Three years ago, I went to a friend’s wedding in California. My boyfriend at the time (eventually my ex-fiance) got so drunk that he passed out on the side of the road as we made the trek from the reception to the after-party. I had to take M. back to our hotel and ended up missing all of the late-night festivities. When we broke up a year later, one of the more strangely profound resentments I felt was that he’d ruined that evening for me; I should have been celebrating, not taking care of him.
This weekend, I went to the wedding of another very close friend. The wedding was in the Catskills in upstate New York, which just so happens to be where I got engaged a few years ago. As we were driving up to the gorgeous hill top where the ceremony was to be held, I recognized landmark after landmark from the last time I had been in the area, the days before and after my ex slid a ring on my finger: the cute little brunch joint where we had eggs the day before; the restaurant where I got tipsy from champagne on New Year’s Eve, having no clue that he was going to ask me to be his wife when the ball dropped at midnight; the sort of creepy cabin where he eventually did the asking. I felt a weird sadness passing all of these places, not because I wish we had ended up getting married, but because in the two-and-a-half years since he proposed, so much had changed. We celebrated our engagement then; now, we don’t even talk.
I tried to take the edge off how I was feeling by cracking jokes to the friends I was going to the wedding with. Joking about things that are painful for me has always been a comfort. “Now, D,” I said to my date, a good guy friend within my circle of pals, “You’d better not get so drunk at this wedding that you pass out on the side of the road. I have no obligation to take care of you the way I took care of M. at Teri and Casey’s wedding.” Though I’ve released most of the anger I feel towards my ex, cracking jokes about his behavior at the wedding in California is one of the remaining ways in which I still lash out at him (though he’s not around to hear it).
It turns out, however, that this weekend, I unexpectedly ended up walking in my ex’s drunken, stumbling shoes. Though I don’t recall drinking all that much, I must have been slinging back the wine with gusto during dinner. After spotting me teetering back from the bathroom after the sun had gone down, the bride’s sister, attune to the fact that I clearly had too much to drink, helped me to a lounge chair where I catnapped for a short while.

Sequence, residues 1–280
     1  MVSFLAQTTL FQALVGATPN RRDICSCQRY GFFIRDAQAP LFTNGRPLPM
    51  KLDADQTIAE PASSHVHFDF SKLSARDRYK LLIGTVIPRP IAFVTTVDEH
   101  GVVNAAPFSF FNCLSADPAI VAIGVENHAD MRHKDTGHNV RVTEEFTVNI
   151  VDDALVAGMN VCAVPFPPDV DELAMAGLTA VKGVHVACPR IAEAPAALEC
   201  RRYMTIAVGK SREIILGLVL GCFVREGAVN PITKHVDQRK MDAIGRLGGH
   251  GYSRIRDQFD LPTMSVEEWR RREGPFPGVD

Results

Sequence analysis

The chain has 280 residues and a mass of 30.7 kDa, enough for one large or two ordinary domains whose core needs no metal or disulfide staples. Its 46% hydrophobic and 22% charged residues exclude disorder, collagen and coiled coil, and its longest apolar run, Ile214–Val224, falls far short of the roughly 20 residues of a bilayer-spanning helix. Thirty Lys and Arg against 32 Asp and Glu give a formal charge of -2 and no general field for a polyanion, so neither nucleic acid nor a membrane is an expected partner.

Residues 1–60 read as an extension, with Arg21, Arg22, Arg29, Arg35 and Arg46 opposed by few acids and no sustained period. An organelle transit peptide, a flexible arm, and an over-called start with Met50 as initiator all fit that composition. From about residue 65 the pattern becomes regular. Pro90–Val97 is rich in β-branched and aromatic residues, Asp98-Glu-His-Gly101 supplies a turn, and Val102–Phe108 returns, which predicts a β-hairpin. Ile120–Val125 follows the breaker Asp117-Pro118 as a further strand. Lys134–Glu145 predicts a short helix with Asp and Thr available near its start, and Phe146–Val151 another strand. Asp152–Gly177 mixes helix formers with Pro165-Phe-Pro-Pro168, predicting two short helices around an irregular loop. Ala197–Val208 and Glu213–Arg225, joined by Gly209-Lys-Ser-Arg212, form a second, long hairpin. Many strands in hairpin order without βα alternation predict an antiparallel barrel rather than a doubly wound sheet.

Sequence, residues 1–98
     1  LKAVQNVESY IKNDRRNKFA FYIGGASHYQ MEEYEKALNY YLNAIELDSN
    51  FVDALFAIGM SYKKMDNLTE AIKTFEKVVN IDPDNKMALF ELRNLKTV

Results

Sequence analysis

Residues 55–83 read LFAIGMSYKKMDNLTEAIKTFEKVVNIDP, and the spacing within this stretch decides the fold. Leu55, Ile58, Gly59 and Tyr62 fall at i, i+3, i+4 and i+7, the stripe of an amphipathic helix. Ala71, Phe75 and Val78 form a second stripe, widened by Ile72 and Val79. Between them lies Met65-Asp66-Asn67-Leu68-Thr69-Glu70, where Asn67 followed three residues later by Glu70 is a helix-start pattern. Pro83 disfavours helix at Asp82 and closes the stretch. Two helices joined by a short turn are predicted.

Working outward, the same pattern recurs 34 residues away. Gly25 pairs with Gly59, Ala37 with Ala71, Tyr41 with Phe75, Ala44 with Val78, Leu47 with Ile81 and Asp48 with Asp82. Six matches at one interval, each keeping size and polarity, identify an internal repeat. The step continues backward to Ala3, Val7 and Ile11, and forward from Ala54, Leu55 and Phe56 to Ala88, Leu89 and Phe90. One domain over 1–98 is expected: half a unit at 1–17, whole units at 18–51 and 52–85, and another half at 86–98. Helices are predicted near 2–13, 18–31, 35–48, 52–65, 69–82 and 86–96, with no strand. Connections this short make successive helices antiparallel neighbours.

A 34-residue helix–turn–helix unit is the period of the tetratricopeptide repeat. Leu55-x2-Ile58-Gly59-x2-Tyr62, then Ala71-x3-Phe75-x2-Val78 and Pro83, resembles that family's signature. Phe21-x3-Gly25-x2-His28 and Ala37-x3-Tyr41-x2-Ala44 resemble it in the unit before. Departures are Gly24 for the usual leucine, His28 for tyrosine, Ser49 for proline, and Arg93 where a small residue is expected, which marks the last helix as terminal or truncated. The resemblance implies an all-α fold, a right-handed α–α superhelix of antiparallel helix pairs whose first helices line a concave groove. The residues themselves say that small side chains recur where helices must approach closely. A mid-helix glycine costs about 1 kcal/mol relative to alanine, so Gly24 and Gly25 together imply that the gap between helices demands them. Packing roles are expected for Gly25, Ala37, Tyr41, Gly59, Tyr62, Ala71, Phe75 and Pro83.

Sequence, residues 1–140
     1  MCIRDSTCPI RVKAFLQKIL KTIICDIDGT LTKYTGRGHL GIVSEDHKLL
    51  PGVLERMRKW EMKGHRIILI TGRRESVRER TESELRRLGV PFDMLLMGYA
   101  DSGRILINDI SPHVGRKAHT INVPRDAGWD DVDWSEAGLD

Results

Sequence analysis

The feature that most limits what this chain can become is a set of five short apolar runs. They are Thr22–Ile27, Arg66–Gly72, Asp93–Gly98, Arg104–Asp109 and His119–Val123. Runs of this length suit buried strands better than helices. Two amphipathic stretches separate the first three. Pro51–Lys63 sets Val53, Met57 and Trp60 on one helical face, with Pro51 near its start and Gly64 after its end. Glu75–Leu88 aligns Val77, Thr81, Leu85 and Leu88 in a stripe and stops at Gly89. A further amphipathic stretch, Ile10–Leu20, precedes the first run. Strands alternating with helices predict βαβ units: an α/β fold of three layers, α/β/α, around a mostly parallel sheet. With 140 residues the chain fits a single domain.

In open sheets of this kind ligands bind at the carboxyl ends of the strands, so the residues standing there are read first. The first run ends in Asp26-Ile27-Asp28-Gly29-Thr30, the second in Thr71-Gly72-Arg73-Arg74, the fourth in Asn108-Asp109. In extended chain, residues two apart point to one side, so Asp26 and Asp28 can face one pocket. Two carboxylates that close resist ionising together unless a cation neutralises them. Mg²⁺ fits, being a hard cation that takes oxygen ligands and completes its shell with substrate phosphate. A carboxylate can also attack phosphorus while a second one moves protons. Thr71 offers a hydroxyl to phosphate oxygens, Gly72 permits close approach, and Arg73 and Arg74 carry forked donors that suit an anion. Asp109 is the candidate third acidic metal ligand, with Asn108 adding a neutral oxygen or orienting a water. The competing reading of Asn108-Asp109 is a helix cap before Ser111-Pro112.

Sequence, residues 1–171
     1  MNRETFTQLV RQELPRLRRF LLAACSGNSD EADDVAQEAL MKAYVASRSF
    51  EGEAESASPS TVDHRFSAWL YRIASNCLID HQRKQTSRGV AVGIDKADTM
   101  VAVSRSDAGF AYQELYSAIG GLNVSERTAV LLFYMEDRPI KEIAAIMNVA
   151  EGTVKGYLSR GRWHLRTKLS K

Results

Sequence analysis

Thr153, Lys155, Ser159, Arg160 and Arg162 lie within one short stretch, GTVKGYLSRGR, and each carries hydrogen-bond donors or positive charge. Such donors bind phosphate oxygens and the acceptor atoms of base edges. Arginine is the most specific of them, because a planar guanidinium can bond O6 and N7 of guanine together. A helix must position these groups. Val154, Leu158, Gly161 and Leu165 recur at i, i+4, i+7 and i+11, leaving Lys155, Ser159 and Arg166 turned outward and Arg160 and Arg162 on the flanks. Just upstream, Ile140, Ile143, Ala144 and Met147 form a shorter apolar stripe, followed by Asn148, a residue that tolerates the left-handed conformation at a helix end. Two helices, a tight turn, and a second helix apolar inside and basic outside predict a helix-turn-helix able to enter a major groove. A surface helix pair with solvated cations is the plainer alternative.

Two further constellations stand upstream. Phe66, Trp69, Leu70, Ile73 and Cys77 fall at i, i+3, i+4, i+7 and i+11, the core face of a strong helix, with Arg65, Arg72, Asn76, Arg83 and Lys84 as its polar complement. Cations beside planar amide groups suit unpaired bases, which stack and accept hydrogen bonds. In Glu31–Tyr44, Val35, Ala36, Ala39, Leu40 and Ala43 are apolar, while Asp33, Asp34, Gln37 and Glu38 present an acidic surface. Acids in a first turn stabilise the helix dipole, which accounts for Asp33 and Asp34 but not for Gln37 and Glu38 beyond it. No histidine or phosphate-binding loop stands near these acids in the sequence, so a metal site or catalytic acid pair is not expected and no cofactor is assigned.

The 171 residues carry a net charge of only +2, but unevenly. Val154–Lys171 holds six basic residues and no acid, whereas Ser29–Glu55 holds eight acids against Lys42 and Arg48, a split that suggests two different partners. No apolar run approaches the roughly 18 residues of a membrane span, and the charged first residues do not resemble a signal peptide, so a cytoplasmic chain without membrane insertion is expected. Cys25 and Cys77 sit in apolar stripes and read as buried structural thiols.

When I woke up, I have a vague memory of standing, assessing my surroundings, and attempting to make my way back to the dance floor where friends and family were whooping it up. I didn’t make it far, however, before I found myself toppling into the lake at the base of the reception area.
D. took me home and consoled me as I bawled off all of my perfectly applied eye makeup. I was overwhelmed by a feeling that I had completely embarrassed myself. I had gotten so inebriated that I was missing the rest of the evening’s celebration and this time it was all my doing. Just hours after jokingly warning D. not to get so drunk that he needed taking care of, I was being taken care of by him. I suppose that’s probably why I kissed him — I felt blessed that he wasn’t judging me the way I had judged my ex. He was tending to me despite us not having any “obligation” towards each other. Luckily, he knew better than to let my smooch get out of hand — or maybe the smell of musty lake water is a turn-off.
A few days have passed and most of the embarrassment has washed off, but I’m still trying to understand what happened. I know I didn’t intend to get so drunk — and I never have gotten this wasted before in my life — but what compelled me to throw such caution to the wind, to not monitor my intake? I think it was a desire to let go of the stress I had been feeling in recent weeks, to battle the fatigue that’s come from working without a vacation in a year, and, yes, ultimately to dodge the disjointed feeling that had been weighing on me for the days, weeks, and months since my life changed so drastically.
There’s nothing like a wedding to bring up crazy mixed emotions in a person. I am overwhelmed with happiness for my friend and her new husband — and their newborn baby! — and was so moved to see how beautiful she looked in her dress, choking up as she said her vows. I’m still very unsure about how I feel about someday getting married myself. But watching two people pronounce their love to each other just a few miles from where I was asked to take that leap as well … it hit me a lot harder than I expected.
So much so, I guess I needed to take a dip in a lake.